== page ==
Department of Agriculture and U. Decision-making triggers in adaptive management. Conservation Biology 26 6 Adaptive monitoring and assessment for the Comprehensive Everglades Restoration Plan. National Academies Press, Washington, D. Adaptive management for water resources project planning. Progress toward restoring the Everglades: the first biennial review. Progress toward restoring the Everglades: the second biennial review. Progress toward restoring the Everglades: the third biennial review.
Progress toward restoring the Everglades: the fourth bienneial review. Nyberg, B. An introductory guide to adaptive management: for project leaders and participants.
Ogden, J. The use of conceptual ecological landscape models as planning tools for the South Florida ecosystem restoration programs. Davis, K. Jacobs, T. Barnes, and H. The use of conceptual ecological models to guide ecosystem restoration in South Florida.
Wetlands 25 4 Comprehensive Everglades Restoration Plan adaptive management strategy. Final system status report. Adaptive management integration guide: the Comprehensive Everglades Restoration Plan. Evaluation team: CERP system-wide performance measures. Ruhl, J. Adaptive management in the Courts. Minnesota Law Review 95 2 Schreiber, E.
Bearlin, S. Nicol, and C. Adaptive management: a synthesis of current understanding and effective application. Ecological Management and Restoration 5 3 Chimney, S. Newman, P. McCormick, D. Gawlik, S. Miao, C. McVoy, W. Newman, C. Coronado, G. Crozier, M.
Korvela, and K. The ecological-societal underpinnings of Everglades restoration. Frontiers in Ecology and the Environment 3 3 CO;2 Stankey, G. Bormann, C. Ryan, B. Shindler, V. Sturtevant, R. Clark, and C. Health Perspect. Google Scholar Frederick, P. Wading birds as bioindicators of mercury contamination in Florida, USA: annual and geographic variation. Florida Panther Genetic Restoration and Management.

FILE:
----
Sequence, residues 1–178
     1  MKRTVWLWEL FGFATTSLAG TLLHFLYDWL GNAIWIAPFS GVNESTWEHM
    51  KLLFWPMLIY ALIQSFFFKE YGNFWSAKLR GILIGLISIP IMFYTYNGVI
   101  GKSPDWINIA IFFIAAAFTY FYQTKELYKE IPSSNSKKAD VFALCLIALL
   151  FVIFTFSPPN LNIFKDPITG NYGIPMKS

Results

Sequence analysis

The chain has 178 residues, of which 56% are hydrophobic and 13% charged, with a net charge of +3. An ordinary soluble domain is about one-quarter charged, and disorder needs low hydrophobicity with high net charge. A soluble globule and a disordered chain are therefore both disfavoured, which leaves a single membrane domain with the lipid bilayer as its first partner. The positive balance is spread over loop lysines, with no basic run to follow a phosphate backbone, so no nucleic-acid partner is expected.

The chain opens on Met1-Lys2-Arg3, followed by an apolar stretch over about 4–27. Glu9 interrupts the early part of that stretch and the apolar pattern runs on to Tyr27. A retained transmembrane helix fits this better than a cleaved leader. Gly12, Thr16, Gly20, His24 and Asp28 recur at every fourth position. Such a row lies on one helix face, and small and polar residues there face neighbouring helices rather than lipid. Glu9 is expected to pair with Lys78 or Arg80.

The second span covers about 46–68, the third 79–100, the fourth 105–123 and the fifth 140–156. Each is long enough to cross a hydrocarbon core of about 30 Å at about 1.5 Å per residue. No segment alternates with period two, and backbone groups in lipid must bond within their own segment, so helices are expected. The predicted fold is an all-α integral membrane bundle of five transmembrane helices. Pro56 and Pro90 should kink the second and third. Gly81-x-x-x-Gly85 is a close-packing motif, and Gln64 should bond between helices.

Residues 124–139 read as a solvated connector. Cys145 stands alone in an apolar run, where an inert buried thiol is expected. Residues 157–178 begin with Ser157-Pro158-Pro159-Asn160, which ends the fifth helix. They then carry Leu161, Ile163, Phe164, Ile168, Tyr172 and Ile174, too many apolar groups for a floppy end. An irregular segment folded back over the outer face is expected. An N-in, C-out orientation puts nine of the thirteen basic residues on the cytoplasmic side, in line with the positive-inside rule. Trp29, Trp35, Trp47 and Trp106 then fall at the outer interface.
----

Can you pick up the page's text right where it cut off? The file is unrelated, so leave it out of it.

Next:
Naples, FL, http:www. Google Scholar FWC. Florida PantherNet. Google Scholar Khera. Teratogenic effects of methylmercury in the cat: note on the use of this species as a model for teratogenicity. Teratology 8, — Food habits of panthers in southwest Florida.
Google Scholar McCown, J. Tallahassee, FL, http:www. Google Scholar Roelke, M. Mercury contamination in the free-ranging endangered Florida panther Felis concolor coryi. Proceedings American Association of Zoo Veterinarians, pp. Mercury contamination in Florida panthers. December Google Scholar Sample, B. II Toxicological Benchmarks for Wildlife: revision.
Oak Ridge National Laboratory. Google Scholar Shindle, D. Annual Performance Report — Google Scholar Thompson, D. Mercury in Birds and Terrestrial Mammals Chapter Beyer, G. Heinz and A. Redmon-Norwood eds. Environmental Contaminants in Wildlife.Pages in S. Water Resources Development Act of In addition, adaptive management requires a commitment by agencies and managers to use the science to inform adjustments in policies Stankey et al. However, it requires a commitment of resources to support the science requirements needed to do adaptive management effectively Thom , Wilhere , Gregory et al. Water Resources Council , Yoe and Orth Cropper, Jr.
Progress toward restoring the Everglades: the second biennial review.
Although few successful examples of large-scale adaptive management applications are available to restoration scientists and managers, examining where and how the components of an adaptive management program have been successfully implemented yields insight into what approaches have and have not worked. Quantifying and communicating model uncertainty for decision making in the Everglades. Chimney, S. Health Perspect.
Interim report. Gawlik, S. Google Scholar Yanochko, G. Jacobs, T.